"The Man Behind 2009's Biggest Bank Bust," by senior editor Brian O'Keefe, is filled with incisive reporting, splendid writing, and substantial insight on the fall of a regional banking powerhouse.
But it left us with this question: Will the nation's business press ever scrutinize the activities of Lowder's cross-state counterpart, Greene Group Inc. CEO and University of Alabama trustee Paul W. Bryant Jr.? Lowder is on the precipice of criminal charges, but Bryant already has been there--and his activities received pretty much zero press coverage.
Lowder's problems are serious and could get worse. As O'Keefe writes:
The seizure of Colonial's roughly 350 branches and $26 billion in assets--the bulk of which were then handed over to BB&T (BBT, Fortune 500) of North Carolina--made it the sixth-biggest bank failure in U.S. history, the worst this year, and the third largest since the beginning of the credit crisis that plunged the markets into turmoil in 2008. (Only Washington Mutual and IndyMac, which went under last year, were bigger.). . .
As Colonial's largest shareholder, with some 8 million shares, Lowder personally lost $164 million on paper during the stock's plunge from its 2006 high to its delisting from the New York Stock Exchange in August. To many of his enemies it's more than a little ironic that Lowder (pronounced "louder") has retained his role overseeing Auburn's finances. . . .
As much as Lowder has already lost, he could still lose much more. A slew of class-action suits have been filed by both Colonial shareholders and former employees that charge Colonial with reckless and dishonest conduct and name Lowder as a primary defendant.
Lowder's woes could dip into criminal territory. Reports O'Keefe:
Perhaps most worrying for Lowder is an investigation by the FBI and the Office of the Special Inspector General for the Troubled Asset Relief Program into Colonial's so-called warehouse-lending business.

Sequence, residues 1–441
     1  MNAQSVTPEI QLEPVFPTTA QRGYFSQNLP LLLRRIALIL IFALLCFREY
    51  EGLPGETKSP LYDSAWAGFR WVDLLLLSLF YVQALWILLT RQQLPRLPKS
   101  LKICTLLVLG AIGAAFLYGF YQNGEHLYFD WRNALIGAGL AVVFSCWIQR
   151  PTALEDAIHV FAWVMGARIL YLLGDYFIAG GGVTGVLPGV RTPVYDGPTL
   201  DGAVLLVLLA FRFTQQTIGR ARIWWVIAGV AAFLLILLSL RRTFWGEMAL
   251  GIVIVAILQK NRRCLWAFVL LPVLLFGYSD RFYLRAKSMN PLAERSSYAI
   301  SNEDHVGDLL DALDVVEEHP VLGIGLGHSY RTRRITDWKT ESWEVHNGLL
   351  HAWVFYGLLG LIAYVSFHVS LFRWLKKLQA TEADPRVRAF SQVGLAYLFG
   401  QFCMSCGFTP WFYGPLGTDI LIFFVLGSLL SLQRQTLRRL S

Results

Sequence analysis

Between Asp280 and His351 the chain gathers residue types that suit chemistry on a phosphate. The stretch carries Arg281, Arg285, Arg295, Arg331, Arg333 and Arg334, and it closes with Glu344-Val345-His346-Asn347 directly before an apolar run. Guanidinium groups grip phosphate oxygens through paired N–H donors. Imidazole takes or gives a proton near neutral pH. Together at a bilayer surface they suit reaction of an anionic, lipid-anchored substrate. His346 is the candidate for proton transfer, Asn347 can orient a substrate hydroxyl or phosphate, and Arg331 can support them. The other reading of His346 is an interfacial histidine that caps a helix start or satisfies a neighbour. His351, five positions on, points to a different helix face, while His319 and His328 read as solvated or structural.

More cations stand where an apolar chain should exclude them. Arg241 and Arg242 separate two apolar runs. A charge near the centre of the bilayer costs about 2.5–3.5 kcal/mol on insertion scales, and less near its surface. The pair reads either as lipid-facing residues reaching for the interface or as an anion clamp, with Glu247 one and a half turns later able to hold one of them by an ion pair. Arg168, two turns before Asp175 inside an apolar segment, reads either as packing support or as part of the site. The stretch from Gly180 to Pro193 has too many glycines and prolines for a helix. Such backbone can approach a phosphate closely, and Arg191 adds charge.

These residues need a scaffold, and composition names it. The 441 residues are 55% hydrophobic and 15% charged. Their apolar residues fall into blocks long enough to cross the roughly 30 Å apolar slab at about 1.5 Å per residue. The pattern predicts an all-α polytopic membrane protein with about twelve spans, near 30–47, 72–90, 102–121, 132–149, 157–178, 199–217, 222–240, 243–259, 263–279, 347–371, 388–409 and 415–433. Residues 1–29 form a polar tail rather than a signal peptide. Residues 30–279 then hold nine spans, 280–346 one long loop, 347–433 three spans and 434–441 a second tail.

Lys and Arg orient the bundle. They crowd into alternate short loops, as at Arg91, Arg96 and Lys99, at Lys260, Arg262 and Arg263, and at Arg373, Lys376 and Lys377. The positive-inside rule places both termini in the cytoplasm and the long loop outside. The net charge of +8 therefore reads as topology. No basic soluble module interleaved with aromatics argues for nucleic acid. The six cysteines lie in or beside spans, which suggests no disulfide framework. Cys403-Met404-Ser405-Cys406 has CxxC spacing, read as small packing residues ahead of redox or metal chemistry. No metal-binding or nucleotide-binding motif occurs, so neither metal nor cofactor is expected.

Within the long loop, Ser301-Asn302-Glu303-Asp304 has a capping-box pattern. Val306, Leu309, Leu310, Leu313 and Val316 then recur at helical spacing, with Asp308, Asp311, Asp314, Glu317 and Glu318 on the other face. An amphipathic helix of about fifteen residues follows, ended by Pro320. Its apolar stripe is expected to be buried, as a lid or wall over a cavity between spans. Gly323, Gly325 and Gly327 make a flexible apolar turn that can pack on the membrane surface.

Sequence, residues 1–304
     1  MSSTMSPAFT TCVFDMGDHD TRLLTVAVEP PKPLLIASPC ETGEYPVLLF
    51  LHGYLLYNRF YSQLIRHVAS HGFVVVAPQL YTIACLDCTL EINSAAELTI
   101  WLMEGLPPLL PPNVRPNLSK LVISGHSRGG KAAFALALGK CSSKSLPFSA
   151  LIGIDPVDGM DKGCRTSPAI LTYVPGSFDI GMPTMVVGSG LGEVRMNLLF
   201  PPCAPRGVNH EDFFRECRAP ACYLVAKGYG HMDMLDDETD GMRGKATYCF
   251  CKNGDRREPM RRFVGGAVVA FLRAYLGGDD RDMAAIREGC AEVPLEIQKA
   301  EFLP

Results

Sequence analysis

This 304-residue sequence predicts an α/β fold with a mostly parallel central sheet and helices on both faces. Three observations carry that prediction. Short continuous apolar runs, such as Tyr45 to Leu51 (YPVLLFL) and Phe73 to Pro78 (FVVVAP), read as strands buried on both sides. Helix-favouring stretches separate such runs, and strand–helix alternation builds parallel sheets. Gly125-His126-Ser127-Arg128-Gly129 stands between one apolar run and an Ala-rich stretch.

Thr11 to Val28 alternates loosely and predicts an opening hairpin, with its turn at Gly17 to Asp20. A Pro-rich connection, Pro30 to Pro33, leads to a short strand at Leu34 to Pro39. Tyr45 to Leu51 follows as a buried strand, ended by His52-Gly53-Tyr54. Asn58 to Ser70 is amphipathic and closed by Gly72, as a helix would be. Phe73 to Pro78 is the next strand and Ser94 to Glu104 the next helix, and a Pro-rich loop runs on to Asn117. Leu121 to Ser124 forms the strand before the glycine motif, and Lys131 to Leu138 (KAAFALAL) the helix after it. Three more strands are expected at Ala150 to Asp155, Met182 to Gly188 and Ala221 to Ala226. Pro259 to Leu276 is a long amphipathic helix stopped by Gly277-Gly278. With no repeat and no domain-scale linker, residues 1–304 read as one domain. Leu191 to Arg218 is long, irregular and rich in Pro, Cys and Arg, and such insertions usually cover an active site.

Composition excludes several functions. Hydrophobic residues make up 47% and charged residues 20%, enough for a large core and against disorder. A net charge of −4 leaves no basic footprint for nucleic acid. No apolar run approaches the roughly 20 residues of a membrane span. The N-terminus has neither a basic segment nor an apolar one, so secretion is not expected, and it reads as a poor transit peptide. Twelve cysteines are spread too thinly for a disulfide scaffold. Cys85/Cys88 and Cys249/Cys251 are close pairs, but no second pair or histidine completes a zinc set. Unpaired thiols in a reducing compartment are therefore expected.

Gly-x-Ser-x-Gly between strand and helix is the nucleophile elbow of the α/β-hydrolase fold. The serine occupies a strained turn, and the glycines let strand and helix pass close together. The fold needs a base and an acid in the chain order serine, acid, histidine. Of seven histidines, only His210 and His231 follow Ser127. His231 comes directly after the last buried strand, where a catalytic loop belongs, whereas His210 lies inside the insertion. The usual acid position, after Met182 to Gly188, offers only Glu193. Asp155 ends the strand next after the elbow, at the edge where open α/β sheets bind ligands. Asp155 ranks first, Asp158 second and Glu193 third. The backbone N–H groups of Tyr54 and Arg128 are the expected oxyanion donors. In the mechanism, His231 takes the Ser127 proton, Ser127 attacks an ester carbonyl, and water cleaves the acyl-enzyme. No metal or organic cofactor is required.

Colonial applied for $550 million in TARP funds last fall but was never cleared to receive a bailout. On Aug. 3, just 11 days before regulators shut down Colonial, agents raided the bank's offices in downtown Orlando, where the warehouse lending was managed, and spent hours carting away boxes of documents.
As the man who signed Colonial's financial statements, Lowder could face civil or even criminal charges if evidence of fraud is found in the bank's TARP application.
It would be grim irony for Lowder if he winds up facing criminal charges for fraud. That's because one of Paul W. Bryant Jr.'s companies was implicated about a decade ago in a massive insurance fraud case in Pennsylvania--one that resulted in a 15-year prison sentence and a $17 million forfeiture for a Philadelphia lawyer named Allen W. Stewart.
Bryant and his company, Alabama Reassurance, came through the episode virtually unscathed. Sources tell Legal Schnauzer that a full-bore investigation of Alabama Re was to commence once the Stewart conviction was secured. In fact, Caryl Privett--then U.S. attorney for the Northern District of Alabama and now a Jefferson County Circuit judge--reportedly had promised investigators that they could go after Alabama Re once the Stewart trial was over.
By then, however, Privett was out of office, and someone in the U.S. Department of Justice called off the Alabama Re investigation. One can only wonder if Bryant's company has forsaken the fraudulent business practices that were revealed in the Stewart trial. One can also wonder who cut Bryant and his company a break--and why.
It probably would be fair to say that Bobby Lowder and Paul W. Bryant Jr. are rivals--perhaps not so much in business, but in the far more important arena of college football in Alabama.
Bryant's father, Paul "Bear" Bryant, was the University of Alabama's Hall of Fame football coach. Bryant Jr. has become one of the strongest financial supporters of the Crimson Tide, which is undefeated this year under current coach, Nick Saban.
Lowder holds a similar status as Auburn's most high-profile football booster. It has been widely reported that neither school makes a major football decision--coaching change, pay raises, stadium expansion, etc.--without consulting Bryant or Lowder.
The Fortune Magazine piece focuses heavily on Lowder's interest in football. Writes O'Keefe:
Not surprisingly given that it's Alabama--where, as they say, "college football isn't life or death; it's more important than that"--Lowder's most high-profile clashes have involved the football program. . . .
From the time he joined the board of trustees, Lowder has shown a special interest in day-to-day operations, chairing an athletics committee of the board that met in private and, insiders say, calling coaches directly to mandate changes. And he has shown that he runs out of patience with football coaches just as he does with bank executives.
O'Keefe goes on to weave a masterful tale about business, banking, power, politics, football, and (perhaps) fraud.
A similar story--maybe even a juicier one--could be told by heading to the western side of the state and focusing on the University of Alabama and Paul Bryant Jr.
Will anyone in the business press tackle that assignment?
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